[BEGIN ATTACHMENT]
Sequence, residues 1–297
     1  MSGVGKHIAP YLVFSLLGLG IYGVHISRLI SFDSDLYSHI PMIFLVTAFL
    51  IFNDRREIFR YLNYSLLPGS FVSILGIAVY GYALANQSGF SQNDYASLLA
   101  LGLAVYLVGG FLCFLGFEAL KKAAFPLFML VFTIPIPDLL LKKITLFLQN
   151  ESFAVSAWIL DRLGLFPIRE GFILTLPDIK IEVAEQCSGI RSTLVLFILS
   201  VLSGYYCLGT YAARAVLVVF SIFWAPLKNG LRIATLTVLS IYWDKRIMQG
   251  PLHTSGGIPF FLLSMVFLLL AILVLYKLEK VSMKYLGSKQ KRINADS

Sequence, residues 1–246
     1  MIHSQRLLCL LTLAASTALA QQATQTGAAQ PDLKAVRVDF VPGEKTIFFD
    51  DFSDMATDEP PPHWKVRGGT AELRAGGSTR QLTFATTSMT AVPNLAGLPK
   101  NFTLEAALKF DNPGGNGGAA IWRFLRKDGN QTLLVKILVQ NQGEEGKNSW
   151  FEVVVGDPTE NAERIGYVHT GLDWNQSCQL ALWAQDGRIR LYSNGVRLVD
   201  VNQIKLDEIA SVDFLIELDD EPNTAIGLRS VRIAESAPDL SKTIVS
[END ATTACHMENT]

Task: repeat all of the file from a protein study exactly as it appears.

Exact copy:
Sequence, residues 1–297
     1  MSGVGKHIAP YLVFSLLGLG IYGVHISRLI SFDSDLYSHI PMIFLVTAFL
    51  IFNDRREIFR YLNYSLLPGS FVSILGIAVY GYALANQSGF SQNDYASLLA
   101  LGLAVYLVGG FLCFLGFEAL KKAAFPLFML VFTIPIPDLL LKKITLFLQN
   151  ESFAVSAWIL DRLGLFPIRE GFILTLPDIK IEVAEQCSGI RSTLVLFILS
   201  VLSGYYCLGT YAARAVLVVF SIFWAPLKNG LRIATLTVLS IYWDKRIMQG
   251  PLHTSGGIPF FLLSMVFLLL AILVLYKLEK VSMKYLGSKQ KRINADS

Sequence, residues 1–246
     1  MIHSQRLLCL LTLAASTALA QQATQTGAAQ PDLKAVRVDF VPGEKTIFFD
    51  DFSDMATDEP PPHWKVRGGT AELRAGGSTR QLTFATTSMT AVPNLAGLPK
   101  NFTLEAALKF DNPGGNGGAA IWRFLRKDGN QTLLVKILVQ NQGEEGKNSW
   151  FEVVVGDPTE NAERIGYVHT GLDWNQSCQL ALWAQDGRIR LYSNGVRLVD
   201  VNQIKLDEIA SVDFLIELDD EPNTAIGLRS VRIAESAPDL SKTIVS